1994's I Love Trouble, starring Julia Roberts and Nick Nolte, hasn't exactly earned status in the pantheon of romantic comedies, and it seems likely that the chilly relations between its key players might have had something to do with its cool reception. Numerous sources from the movie's set alleged to the Los Angeles Times that the two co-stars simply couldn't stand one another. The paper noted that "Roberts reportedly wasn't thrilled with Nolte's machismo, so she would deride and insult her co-star. Some on the set claim that he became so annoyed with her attitude that he would do things to agitate her even more."

According to the Los Angeles Times, the conflict eventually meant that the stars couldn't even film together, as "the discord was so intense ... the two played more to stand-ins than to each other." After filming wrapped, Roberts also told The New York Times that while the actor could be "charming and nice, he's also completely disgusting." Nolte responded (via The Atlantic) by saying "It's not nice to call someone 'disgusting.' But she's not a nice person. Everyone knows that."

Helen Hunt and Bill Paxton refused to reunite onscreen after Twister

Helen Hunt has been honest about the fact that filming 1996's tornado-chasing blockbuster Twister "was terrifying." She told HuffPost in 2015 that the story was "so much more ... real than you think" because of the techniques used — which included a hail machine and fire hose — adding that since it was "not the safest way to make a movie, [she] was really happy to make it through in one piece." That experience would justify Hunt being hesitant to film scenes for Universal Studios' Twister... Ride It Out ride, however, it turns out that there was another reason she wasn't keen on the situation.

While the rumors have "never been confirmed," according to Screen Crush, "the reports on many (many) websites claim that by the end of shooting, [fellow Twister star Bill] Paxton and Hunt hated each other so much that they only agreed to appear 'together' in Twister... Ride It Out separately." Anyone who's been on the ride will know that "Paxton and Hunt share duties describing the beauty of tornadoes and the difficulties of shooting Twister." However, they're never in the same frame together, but instead, deliver "alternat[ing] lines" in recordings that were shot in "two different ... locations."

Be that as it may, Paxton, who died in 2017, did once say that he wanted to direct a Twister sequel starring Hunt, Screen Crush notes. While that version never came to be, a reboot of the storm-chasing film may still touch down sometime in the future.

Björk reportedly spit at director and potential castmate Lars von Trier

Lars von Trier is a controversial figure in Hollywood. Along with having "a reputation for being tough on his actors," per CNN, he was banned from the Cannes Film Festival for seven years "after jokingly declaring himself a Nazi and expressing sympathy for Adolf Hitler during a 2011 press conference," according to The Guardian. When he made his return in 2018, over 100 people walked out of his screening of The House That Jack Built, because it was "Gross. Pretentious. Vomitive. Torturous. Pathetic."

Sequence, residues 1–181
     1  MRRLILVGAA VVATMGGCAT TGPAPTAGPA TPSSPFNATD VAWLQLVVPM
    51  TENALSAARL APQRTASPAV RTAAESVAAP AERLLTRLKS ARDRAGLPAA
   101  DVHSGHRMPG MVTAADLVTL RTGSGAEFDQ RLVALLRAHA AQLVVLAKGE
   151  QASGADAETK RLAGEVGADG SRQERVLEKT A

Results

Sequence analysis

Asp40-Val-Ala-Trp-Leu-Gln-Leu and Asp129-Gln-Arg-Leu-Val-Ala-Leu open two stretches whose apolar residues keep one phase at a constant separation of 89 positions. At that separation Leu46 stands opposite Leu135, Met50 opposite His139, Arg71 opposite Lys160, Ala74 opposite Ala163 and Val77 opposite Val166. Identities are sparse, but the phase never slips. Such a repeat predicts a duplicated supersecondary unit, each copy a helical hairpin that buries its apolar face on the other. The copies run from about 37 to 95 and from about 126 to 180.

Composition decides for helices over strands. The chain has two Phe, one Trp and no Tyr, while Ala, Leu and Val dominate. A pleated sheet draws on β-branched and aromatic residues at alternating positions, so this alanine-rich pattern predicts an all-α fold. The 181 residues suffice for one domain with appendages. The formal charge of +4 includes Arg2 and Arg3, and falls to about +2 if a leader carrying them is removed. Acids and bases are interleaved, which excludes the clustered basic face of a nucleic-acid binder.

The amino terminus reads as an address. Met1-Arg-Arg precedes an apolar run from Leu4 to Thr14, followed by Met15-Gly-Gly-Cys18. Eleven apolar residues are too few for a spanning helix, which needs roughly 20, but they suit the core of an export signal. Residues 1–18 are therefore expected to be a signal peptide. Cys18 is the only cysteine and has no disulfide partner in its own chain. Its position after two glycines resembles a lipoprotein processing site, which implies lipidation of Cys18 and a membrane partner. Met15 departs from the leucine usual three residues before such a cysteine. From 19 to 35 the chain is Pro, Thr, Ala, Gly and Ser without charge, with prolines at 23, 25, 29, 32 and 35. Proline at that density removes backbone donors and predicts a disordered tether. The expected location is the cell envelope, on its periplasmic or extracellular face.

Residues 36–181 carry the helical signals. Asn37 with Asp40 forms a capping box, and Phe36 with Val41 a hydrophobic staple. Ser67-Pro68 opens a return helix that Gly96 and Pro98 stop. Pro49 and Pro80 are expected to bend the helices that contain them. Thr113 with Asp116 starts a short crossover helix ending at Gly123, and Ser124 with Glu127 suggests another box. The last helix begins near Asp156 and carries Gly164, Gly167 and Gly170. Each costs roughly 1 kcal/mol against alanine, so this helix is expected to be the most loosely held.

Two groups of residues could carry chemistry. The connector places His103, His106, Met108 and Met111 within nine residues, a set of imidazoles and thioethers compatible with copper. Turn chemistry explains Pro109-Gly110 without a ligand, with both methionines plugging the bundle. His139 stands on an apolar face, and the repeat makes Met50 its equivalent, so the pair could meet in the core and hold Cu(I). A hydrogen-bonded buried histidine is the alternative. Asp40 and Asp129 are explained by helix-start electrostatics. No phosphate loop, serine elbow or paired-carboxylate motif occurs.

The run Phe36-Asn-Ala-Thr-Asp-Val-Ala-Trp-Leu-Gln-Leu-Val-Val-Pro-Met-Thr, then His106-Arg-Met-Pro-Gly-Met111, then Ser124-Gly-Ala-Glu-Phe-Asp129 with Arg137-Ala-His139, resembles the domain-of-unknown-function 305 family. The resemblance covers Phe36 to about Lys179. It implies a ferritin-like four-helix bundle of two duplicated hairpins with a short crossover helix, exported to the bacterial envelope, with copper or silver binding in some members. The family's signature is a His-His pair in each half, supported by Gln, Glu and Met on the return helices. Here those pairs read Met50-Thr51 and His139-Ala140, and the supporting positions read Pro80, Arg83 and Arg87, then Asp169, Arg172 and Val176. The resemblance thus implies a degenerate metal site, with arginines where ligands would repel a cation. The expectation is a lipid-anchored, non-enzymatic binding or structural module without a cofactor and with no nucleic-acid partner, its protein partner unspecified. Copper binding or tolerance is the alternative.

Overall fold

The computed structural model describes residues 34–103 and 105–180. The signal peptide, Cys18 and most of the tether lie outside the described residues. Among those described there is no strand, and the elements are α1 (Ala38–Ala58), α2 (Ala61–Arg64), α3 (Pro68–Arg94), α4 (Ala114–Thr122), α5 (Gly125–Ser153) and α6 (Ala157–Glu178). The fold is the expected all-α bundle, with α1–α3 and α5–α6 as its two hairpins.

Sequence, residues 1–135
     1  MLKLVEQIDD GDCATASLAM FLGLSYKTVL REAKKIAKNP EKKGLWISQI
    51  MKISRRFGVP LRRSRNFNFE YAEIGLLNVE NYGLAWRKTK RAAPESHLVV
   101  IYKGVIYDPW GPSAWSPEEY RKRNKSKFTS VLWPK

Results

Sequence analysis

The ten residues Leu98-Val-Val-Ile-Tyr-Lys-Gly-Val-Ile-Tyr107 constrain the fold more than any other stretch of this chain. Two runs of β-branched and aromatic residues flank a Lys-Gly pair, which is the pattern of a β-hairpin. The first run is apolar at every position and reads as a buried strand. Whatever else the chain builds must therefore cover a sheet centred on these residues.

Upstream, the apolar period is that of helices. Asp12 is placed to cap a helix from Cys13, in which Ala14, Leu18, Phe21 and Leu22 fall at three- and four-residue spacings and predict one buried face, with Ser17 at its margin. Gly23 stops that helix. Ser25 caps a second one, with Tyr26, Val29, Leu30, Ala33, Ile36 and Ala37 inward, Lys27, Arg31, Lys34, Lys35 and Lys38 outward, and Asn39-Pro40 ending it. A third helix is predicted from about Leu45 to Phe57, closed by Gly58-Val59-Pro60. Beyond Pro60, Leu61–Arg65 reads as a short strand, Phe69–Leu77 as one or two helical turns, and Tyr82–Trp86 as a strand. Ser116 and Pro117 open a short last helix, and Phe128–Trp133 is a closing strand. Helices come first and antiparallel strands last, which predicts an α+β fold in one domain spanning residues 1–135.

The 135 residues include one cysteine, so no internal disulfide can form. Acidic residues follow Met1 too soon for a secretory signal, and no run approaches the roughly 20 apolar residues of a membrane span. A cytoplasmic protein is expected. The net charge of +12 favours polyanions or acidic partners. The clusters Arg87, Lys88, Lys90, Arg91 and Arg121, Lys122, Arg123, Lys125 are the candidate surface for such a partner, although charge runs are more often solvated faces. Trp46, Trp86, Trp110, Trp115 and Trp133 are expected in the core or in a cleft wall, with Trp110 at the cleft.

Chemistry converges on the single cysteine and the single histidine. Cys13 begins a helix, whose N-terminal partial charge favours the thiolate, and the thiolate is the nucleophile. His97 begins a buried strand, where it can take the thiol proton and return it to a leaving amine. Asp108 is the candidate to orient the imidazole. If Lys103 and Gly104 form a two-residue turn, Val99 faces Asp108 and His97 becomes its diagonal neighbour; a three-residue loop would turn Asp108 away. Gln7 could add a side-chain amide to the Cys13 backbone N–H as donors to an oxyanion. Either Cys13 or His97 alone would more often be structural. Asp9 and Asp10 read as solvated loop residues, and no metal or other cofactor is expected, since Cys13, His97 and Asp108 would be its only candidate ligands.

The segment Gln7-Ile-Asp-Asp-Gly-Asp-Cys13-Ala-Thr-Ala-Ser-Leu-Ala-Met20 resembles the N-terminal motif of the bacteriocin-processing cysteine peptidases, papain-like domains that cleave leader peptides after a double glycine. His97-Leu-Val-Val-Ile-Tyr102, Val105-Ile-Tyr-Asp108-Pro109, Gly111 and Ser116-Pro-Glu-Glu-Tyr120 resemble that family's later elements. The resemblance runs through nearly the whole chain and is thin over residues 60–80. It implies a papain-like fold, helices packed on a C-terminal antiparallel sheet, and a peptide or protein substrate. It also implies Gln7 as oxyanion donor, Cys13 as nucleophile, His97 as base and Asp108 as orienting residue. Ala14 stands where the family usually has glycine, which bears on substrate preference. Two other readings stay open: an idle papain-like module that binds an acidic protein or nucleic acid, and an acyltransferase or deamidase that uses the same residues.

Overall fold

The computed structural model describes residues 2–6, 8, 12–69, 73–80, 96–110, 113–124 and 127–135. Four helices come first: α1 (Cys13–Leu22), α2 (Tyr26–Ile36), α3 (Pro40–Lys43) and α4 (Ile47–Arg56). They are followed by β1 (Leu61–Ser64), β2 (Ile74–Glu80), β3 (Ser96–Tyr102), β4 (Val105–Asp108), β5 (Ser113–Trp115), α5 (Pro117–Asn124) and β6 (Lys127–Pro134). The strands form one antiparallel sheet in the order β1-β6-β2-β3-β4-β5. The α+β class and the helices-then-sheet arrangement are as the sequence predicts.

Björk might have similar opinions about von Trier and his work as a result of her experience working on 2000's Dancer in the Dark, which he directed. The two were supposed to appear in a scene together, according to Cheat Sheet. However, that didn't happen, because she apparently hated him and would not only tell him that every morning — "Mr. von Trier, I despise you" — but would also reportedly spit at him, CNN notes. As for the cause of her hatred, Björk revealed on Facebook in 2017 that she had been sexually harassed by a Danish film director. While she didn't name von Trier, the Chicago Tribune points out that "coverage of her on-set relationship with [the director] verifies that she [was] referring to him."

In the end, Björk won the best actress honor at Cannes for her role, and von Trier earned the coveted Palme d'Or. Despite that, it seems safe to say that they won't be working together ever again.

Sylvester Stallone refused to film with Richard Gere following a messy incident

Did you know that Sylvester Stallone and Richard Gere were supposed to appear in 1974's The Lords of Flatbush together? That is, until Gere left Stallone seriously unimpressed. Although Gere was originally cast as Chico, Stallone told Ain't It Cool News in 2006 that they "never hit it off." On top of the fact that, he claimed that Gere "would strut around in his oversized motorcycle jacket like he was the baddest knight at the round table," "got a little carried away" while they were improvising a fight scene, and was "impossible to deal with."

Then, according to Rocky himself, this allegedly happened: "I was eating a hotdog [in the backseat of a car] and he climbs in with a half a chicken covered in mustard with grease nearly dripping out of the aluminum wrapper." After Stallone warned Gere that his meal was "going to drip all over the place" and told the other man that he was "gonna know about it" if it got on Stallone's pants, Gere apparently brushed him off. Gere then reportedly "proceed[ed] to bite into the chicken and a small, greasy river of mustard lands on [the other actor's] thigh."

"I elbowed him in the side of the head and basically pushed him out of the car," Stallone recalled. "The director had to make a choice: one of us had to go, one of us had to stay. Richard was given his walking papers and to this day seriously dislikes me."

Julie McCullough's Playboy photos upset Growing Pains' Kirk Cameron

Television fans may remember Julie McCullough as Julie Costello, the family nanny who became the love interest of Kirk Cameron's character, Mike Seaver, on Growing Pains. While the two made a cute couple onscreen, the actor — who's a conservative, evangelical Christian, along with being highly controversial — apparently refused to work with her anymore, because she had posed nude for Playboy, according to People.

The photos, "taken between 1984 and '85," appeared on the covers of the February 1985 and September 1986 issues of the magazine. McCullough was also the February 1986 centerfold, before appearing in the October 1989 issue. According to buzz, Cameron was so offended by the photos, that despite the fact that his character was supposed to marry the woman McCullough played, that didn't happen.

However, show producer Dan Guntzelman told People back in 1989 that there were no wedding plans to begin with. He did admit that he "wasn't fond of the publicity" regarding the Playboy pics, but explained that he had wanted to cast "a sweet-girl-next-door," and still felt like McCullough fit that description. "If you start knocking out actresses who have appeared in the buff, there will be a lot of all-male shows on the air," he said.

Guntzelman may have been willing to keep McCullough around, but she revealed that the tabloids wrote "a lot of not-nice things" about her, and she was booted from the show not long after.